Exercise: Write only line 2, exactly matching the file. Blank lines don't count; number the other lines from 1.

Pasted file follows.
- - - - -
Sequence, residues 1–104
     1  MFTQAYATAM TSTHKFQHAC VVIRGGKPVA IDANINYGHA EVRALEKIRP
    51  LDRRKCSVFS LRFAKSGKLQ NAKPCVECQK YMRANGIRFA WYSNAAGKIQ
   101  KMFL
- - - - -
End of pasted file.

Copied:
     1  MFTQAYATAM TSTHKFQHAC VVIRGGKPVA IDANINYGHA EVRALEKIRP